Using Benchmarking to Quantify the Benefits of Software Process Improvement

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With increasing pressure to improve quality while cutting costs, process improvement is a top priority for many organizations right now; but once we've implemented a process improvement initiative, how do we accurately measure the benefits? Benchmarking is critical to determining the success of any serious process improvement program. As with any type of measurement program, it requires an initial reference point to measure progress. To set our point of comparison, we first need to perform a benchmark on a contemporary sample of projects that are representative of the typical work that we do. In this webinar, industry expert Larry Putnam, Jr. will take you through the necessary steps to perform a successful benchmark - from collecting quantitative and qualitative data to establish the initial baseline benchmark all the way through to performing follow up benchmarks on new projects and process improvement analysis.

Transcript of Using Benchmarking to Quantify the Benefits of Software Process Improvement

  • Quantitative Software Management, Inc. Using Benchmarking to Quantify the Benefits of Process Improvement Larry Putnam, Jr. Co-CEO Quantitative Software Management, Inc Watch the full replay of this presentation!
  • (#2) Benchmarking Overview Data Collection What to Measure Dataset Demographics? Organizational Baselining Internal Benchmark Outlier Analysis Opportunities for Process Improvements Business Case for Productivity & Quality Improvement External Benchmarking Selecting Appropriate External Datasets Benchmark Comparisons Agenda
  • (#3) Benchmarking is the process of comparing one's business processes and performance metrics to industry bests and/or best practices from other industries. Dimensions typically measured are quality, time, and cost. Improvements from learning mean doing things better, faster, and cheaper. What is Benchmarking?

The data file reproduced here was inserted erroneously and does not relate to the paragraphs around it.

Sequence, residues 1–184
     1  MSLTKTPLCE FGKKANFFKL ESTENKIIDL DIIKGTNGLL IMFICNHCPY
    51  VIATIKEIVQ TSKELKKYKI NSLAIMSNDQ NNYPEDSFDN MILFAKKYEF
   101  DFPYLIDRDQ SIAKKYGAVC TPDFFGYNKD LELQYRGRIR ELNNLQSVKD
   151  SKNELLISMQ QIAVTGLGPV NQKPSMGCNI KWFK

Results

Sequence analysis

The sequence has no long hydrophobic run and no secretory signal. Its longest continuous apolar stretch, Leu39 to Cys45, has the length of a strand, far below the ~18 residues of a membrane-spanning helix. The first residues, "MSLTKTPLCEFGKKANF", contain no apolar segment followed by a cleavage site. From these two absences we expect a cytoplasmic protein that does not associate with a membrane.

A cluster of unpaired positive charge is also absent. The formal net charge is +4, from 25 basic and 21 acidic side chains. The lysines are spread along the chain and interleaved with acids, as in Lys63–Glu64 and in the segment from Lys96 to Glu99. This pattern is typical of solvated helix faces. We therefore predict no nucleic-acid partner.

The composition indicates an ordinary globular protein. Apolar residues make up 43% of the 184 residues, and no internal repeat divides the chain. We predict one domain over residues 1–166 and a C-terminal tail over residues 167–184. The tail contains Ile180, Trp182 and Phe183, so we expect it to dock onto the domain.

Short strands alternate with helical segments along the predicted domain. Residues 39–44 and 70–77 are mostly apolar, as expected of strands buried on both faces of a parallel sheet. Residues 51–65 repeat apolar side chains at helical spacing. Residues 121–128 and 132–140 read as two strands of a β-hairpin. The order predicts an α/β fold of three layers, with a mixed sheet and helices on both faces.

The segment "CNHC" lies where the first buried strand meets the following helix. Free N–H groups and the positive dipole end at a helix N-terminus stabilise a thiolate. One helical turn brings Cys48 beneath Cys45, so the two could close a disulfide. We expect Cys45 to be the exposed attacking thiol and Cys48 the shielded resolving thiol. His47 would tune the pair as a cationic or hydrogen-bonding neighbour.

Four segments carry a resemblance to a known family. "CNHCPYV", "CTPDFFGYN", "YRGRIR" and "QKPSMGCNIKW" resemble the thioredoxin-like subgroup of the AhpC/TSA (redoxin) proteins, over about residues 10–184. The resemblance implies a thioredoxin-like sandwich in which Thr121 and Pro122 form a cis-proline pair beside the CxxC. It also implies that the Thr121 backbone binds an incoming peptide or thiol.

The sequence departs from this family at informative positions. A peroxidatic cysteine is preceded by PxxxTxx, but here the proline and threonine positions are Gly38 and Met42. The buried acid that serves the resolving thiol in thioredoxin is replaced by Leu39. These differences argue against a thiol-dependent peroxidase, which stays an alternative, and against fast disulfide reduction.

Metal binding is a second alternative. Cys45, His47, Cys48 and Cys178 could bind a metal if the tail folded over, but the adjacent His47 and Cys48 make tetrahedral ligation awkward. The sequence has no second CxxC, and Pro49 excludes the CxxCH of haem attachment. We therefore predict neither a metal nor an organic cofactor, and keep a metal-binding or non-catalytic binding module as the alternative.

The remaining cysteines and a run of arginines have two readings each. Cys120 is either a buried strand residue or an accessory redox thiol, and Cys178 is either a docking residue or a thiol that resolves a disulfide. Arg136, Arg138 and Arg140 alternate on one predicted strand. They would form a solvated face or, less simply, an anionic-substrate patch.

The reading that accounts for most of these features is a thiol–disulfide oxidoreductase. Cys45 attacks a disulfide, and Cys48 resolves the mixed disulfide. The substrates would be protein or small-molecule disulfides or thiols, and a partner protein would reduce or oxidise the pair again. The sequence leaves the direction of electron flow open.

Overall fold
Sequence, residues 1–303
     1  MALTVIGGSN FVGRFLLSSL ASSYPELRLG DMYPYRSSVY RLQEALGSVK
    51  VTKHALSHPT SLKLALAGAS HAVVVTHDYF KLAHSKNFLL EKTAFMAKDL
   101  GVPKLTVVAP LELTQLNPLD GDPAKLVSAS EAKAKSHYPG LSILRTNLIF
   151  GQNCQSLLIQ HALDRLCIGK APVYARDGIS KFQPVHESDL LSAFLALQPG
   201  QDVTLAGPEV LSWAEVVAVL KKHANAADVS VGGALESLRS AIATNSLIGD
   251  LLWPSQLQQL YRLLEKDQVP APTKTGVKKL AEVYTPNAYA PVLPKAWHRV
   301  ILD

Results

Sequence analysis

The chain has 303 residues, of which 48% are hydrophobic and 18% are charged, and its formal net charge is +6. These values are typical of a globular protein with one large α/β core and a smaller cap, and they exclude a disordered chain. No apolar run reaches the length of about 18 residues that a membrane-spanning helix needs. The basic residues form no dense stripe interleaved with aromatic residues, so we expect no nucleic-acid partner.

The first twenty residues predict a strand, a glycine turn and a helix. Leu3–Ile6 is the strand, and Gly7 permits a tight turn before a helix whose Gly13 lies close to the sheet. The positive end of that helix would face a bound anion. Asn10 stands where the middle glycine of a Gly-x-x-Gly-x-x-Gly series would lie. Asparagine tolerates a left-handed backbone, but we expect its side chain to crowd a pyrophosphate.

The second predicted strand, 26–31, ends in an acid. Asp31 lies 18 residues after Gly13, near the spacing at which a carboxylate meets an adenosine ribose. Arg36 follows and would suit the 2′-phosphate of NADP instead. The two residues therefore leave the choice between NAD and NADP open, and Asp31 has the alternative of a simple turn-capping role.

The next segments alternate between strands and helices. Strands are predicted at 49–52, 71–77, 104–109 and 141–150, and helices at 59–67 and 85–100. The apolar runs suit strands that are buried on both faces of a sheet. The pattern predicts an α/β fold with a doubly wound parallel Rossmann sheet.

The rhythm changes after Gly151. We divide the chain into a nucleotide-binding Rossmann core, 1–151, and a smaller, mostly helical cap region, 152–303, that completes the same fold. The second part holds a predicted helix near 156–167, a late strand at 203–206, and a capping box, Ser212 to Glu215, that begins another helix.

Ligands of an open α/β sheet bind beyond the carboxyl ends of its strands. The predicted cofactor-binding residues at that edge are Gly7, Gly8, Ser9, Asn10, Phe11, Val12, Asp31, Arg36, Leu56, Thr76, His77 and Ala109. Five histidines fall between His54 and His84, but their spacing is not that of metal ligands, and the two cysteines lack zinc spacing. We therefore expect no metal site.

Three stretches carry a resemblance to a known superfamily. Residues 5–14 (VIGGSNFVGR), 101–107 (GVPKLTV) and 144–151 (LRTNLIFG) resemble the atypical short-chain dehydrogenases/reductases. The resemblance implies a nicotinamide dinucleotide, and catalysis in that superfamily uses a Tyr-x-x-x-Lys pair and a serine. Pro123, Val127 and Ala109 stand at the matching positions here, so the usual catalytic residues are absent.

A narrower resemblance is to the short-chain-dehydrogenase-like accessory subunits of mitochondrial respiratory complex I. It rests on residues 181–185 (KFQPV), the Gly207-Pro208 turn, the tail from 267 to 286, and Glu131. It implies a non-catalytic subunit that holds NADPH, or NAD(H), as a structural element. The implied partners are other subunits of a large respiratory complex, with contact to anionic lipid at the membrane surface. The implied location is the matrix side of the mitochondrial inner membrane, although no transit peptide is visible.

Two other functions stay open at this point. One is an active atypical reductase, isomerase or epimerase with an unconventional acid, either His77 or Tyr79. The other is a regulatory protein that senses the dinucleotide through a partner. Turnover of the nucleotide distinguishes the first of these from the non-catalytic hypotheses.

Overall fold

• (#4) Typical Motivations: Assess internal and external competitive position To support a process assessment (CMMI, ISO, etc.) Assess capability of and negotiate with suppliers Provide baseline to measure improvements Quantify the benefits of improvement Support realistic estimation processes Solutions: QSM Benchmarking Services High Performance Benchmark Service SLIM-Metrics Product Performance Benchmark Tables - Why Do Organizations Benchmark?
  • (#5) Size and Scope Abstraction of measurements change depending on where you are in the lifecycle Tells you the overall size of system Tells how much of the product is completed at different points in time Schedule Measured in calendar time like days, weeks, months or years Overall duration of the project Tells how much of the overall schedule has been consumed and identifies key task/milestone completion dates Effort Measured in labor units like person days, person weeks, person months or person years Proportional to the overall cost Tells how labor/money is being spent Defects Deviations from specification usually measured by severity level Tells you how many defects you are likely to find and when Tells how stable the product is at different points in time and helps project when the product will be reliable enough deploy Best Practices Core Quantitative Metrics